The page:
Piven is no paragon of civility. The key to the current controversy is this article by Piven in the Nation. The 1966 article came up because she republished views calling for disruptive protests in that article and arguably calling for violence herself.

Prof. Piven wrote that: "An effective movement of the unemployed will have to look something like the strikes and riots that have spread across Greece in response to the austerity measures forced on the Greek government by the European Union, or like the student protests that recently spread with lightning speed across England in response to the prospect of greatly increased school fees."

The protests in England and Greece were violent protests. Prof. Piven's article suggests that we should hope for violent protests in the United States and then join them. She writes, "A loose and spontaneous movement of this sort could emerge." She adds, "We should hope for another American social movement from the bottom—and then join it."
posted by Jahaza at 1:29 PM on February 7, 2011 [1 favorite]


Post-Giffords, she'd be well served by a mea culpa about her violent rhetoric, "Third, protesters need targets, preferably local and accessible ones capable of making some kind of response to angry demands."
posted by Jahaza at 1:32 PM on February 7, 2011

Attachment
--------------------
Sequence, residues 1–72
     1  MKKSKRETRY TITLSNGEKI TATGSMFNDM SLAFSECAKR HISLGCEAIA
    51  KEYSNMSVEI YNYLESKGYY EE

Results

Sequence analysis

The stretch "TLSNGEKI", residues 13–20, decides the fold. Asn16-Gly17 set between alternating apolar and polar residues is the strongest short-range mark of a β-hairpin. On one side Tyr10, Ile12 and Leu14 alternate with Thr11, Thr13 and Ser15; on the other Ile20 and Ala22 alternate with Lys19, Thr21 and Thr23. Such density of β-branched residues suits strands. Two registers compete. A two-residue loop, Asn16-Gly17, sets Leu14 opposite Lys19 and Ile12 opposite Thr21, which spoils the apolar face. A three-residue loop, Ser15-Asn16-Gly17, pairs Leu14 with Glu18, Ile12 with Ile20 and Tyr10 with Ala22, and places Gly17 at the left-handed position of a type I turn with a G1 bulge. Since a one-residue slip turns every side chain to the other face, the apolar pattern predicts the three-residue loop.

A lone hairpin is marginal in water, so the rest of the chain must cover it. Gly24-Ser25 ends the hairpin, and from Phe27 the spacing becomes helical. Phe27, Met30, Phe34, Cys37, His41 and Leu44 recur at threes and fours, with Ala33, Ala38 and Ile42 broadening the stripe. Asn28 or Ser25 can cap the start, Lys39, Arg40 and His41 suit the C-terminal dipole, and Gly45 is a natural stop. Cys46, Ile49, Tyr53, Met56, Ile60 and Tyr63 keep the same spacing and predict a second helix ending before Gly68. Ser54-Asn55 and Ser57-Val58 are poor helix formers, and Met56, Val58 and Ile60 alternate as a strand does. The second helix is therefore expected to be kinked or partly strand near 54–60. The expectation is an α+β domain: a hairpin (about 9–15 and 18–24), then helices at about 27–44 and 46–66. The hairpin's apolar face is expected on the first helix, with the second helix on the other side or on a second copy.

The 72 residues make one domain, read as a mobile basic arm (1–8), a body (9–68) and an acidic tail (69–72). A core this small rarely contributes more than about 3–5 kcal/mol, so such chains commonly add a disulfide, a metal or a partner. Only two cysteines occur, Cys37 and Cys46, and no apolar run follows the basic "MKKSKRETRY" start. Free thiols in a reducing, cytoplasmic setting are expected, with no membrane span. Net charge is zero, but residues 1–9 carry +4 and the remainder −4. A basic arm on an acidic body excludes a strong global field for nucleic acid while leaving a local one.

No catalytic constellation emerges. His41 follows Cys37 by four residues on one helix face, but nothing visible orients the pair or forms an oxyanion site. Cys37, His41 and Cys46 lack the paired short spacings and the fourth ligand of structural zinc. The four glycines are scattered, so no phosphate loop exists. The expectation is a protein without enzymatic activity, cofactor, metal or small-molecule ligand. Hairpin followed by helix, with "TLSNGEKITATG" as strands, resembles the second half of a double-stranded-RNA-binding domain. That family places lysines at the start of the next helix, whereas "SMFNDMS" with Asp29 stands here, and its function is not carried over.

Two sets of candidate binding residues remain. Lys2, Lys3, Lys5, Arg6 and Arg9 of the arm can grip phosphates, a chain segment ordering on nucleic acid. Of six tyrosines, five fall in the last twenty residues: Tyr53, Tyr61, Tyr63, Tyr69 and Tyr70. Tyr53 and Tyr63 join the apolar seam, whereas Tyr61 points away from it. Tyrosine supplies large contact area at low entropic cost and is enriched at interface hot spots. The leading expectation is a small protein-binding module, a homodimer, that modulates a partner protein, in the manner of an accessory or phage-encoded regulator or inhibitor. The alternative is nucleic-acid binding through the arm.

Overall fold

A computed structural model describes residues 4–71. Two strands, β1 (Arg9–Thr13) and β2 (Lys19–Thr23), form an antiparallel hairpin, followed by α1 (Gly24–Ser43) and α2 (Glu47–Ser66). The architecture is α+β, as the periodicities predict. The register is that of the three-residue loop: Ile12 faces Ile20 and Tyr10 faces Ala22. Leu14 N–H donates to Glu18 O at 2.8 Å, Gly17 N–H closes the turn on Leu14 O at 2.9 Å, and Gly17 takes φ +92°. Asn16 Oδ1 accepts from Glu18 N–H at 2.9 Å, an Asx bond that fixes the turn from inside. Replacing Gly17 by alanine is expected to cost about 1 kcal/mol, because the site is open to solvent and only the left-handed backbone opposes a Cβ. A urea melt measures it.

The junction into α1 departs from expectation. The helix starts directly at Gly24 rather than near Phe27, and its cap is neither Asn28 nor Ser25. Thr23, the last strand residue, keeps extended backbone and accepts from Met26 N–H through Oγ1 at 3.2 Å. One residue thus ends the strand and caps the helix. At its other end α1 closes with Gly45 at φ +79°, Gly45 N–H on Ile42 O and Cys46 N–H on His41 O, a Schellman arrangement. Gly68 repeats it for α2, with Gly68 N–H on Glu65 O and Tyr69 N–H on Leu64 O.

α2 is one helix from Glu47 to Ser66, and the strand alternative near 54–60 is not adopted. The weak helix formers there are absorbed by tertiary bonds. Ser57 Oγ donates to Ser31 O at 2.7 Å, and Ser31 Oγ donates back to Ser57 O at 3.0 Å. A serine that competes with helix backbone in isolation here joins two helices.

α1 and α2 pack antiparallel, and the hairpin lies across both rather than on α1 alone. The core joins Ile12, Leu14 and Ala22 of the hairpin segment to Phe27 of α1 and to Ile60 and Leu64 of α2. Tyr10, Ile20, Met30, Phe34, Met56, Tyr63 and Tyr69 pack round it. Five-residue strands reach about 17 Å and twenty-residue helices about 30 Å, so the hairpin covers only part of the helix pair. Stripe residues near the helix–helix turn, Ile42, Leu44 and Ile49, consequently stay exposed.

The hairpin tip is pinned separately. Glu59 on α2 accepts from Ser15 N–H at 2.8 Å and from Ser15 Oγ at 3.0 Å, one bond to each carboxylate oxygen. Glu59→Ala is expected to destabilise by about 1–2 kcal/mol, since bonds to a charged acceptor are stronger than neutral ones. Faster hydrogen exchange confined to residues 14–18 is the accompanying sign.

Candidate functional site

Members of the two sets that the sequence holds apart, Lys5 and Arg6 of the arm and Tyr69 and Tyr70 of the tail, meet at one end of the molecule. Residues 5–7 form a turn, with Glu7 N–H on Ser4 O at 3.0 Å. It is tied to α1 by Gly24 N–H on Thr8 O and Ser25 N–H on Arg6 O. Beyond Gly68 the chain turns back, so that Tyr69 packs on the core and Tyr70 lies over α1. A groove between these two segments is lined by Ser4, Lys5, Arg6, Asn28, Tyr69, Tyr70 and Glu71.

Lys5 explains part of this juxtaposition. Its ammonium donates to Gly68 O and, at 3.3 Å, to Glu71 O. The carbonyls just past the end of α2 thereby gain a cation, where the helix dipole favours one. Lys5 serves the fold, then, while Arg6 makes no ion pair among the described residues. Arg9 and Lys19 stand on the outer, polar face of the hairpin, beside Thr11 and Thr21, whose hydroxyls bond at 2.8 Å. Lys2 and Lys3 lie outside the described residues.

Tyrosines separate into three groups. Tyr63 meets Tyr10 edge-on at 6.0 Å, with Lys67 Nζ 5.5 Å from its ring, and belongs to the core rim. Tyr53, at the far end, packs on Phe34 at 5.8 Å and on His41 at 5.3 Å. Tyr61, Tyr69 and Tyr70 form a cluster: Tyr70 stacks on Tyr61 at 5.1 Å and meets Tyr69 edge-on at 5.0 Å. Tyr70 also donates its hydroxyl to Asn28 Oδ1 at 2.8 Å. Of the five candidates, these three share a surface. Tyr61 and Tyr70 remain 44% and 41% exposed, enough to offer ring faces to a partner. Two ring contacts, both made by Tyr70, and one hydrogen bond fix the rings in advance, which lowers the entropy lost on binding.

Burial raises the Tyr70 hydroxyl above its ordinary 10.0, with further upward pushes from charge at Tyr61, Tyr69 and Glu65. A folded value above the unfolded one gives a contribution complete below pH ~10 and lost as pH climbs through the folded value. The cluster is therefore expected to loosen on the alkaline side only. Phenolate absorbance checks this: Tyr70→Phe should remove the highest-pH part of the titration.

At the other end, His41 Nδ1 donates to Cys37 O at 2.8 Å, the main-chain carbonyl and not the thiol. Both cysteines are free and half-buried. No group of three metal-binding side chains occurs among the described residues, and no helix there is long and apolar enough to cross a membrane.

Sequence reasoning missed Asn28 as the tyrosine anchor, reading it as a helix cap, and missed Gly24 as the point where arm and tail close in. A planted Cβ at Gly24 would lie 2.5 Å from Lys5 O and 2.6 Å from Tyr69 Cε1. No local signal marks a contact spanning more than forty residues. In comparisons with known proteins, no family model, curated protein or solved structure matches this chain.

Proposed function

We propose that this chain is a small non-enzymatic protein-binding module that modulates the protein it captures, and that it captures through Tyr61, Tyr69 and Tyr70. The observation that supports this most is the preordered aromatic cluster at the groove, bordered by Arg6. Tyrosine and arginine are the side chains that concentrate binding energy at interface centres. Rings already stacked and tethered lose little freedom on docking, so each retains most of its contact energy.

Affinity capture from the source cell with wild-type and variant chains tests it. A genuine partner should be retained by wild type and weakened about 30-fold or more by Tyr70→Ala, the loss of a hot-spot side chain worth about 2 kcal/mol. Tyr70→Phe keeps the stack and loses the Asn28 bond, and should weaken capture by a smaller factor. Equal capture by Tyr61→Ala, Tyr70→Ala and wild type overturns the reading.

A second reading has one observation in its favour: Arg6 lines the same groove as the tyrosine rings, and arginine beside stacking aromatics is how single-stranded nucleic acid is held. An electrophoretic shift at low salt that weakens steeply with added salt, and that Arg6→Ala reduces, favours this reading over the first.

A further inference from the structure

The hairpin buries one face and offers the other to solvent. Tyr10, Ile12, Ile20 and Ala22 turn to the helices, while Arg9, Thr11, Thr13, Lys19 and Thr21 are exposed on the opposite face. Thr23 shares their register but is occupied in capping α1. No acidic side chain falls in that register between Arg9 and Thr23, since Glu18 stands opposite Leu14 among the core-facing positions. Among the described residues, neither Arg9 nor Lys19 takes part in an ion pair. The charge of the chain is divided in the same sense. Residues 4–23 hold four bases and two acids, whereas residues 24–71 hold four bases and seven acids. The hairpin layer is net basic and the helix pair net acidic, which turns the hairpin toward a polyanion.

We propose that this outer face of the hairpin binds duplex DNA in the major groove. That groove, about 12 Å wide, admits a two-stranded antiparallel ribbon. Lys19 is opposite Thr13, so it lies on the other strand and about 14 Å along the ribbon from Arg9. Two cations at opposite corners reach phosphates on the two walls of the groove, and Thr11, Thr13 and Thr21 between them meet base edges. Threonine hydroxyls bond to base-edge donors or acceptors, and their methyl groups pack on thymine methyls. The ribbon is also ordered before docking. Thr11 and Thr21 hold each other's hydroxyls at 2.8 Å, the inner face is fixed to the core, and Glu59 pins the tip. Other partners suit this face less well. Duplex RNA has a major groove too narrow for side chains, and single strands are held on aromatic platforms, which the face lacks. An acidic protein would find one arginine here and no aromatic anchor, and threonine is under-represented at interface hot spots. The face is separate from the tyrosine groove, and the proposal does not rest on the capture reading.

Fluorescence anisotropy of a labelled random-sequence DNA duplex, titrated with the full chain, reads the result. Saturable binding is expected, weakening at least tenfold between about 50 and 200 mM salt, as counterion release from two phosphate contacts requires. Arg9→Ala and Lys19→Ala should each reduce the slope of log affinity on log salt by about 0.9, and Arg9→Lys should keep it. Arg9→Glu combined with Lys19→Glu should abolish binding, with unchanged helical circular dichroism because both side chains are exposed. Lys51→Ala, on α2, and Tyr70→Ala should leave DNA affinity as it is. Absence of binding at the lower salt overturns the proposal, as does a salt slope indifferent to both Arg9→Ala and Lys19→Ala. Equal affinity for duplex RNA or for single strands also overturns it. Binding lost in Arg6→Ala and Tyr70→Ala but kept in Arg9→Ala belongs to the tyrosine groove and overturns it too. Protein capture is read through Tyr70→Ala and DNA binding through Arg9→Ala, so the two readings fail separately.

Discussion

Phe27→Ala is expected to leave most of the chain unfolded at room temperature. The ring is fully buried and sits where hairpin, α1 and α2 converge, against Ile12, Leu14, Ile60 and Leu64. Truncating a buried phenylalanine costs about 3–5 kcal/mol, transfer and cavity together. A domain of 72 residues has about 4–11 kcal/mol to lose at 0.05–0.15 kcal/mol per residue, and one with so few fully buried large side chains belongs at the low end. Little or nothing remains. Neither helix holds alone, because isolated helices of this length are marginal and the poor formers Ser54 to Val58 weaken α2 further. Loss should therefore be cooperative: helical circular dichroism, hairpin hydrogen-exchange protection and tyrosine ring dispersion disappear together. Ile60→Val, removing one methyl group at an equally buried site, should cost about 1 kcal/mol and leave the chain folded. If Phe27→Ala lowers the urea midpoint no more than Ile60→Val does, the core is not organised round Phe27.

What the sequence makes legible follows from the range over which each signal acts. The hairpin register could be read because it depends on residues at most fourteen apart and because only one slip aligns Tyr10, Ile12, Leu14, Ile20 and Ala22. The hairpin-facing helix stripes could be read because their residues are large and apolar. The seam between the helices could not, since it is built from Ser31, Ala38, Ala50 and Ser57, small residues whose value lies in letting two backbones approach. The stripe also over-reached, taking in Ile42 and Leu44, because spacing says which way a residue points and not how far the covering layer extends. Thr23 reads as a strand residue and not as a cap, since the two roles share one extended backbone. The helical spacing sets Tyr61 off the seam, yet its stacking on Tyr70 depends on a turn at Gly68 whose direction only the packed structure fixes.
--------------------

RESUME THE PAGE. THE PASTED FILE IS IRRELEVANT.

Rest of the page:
Perhaps that should be enough to put him in jail

Here's your mistake, right here. Has anyone in this discussion or in the article linked advocated imprisoning Beck for what he says? I don't think so. It certainly hasn't been the consensus. Has anyone in this discussion or in the article linked even suggested that Beck is criminally responsible for his the actions of his fans? No, no one's suggested that even. Not yet, anyway. So why are you harping on this?

This isn't a case of black and white, as you say; there are degrees of responsibility which don't rise to criminal responsibility but which are still repugnant. And there are degrees of influence which fall short of direct commission. This isn't mysterious. We're all influenced by what we see and read and hear and we're rarely absolved if we commit a crime based on those influences.

What this also means is a discussion of the benign or pernicious effects of those influences is possible.

to accuse him of such [calls for violence] is actually attempting to chill that speech, particularly invoking Giffords.